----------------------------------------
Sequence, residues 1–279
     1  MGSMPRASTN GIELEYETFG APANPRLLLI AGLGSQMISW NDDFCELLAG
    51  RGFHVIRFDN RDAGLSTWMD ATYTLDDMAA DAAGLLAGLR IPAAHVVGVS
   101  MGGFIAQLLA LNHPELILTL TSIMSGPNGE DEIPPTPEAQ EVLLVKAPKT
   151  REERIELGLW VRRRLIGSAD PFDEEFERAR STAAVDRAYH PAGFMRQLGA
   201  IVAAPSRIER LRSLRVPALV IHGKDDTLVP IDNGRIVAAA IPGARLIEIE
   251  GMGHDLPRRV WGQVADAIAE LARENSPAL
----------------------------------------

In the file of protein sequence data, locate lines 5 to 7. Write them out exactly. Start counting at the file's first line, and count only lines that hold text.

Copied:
   151  REERIELGLW VRRRLIGSAD PFDEEFERAR STAAVDRAYH PAGFMRQLGA
   201  IVAAPSRIER LRSLRVPALV IHGKDDTLVP IDNGRIVAAA IPGARLIEIE
   251  GMGHDLPRRV WGQVADAIAE LARENSPAL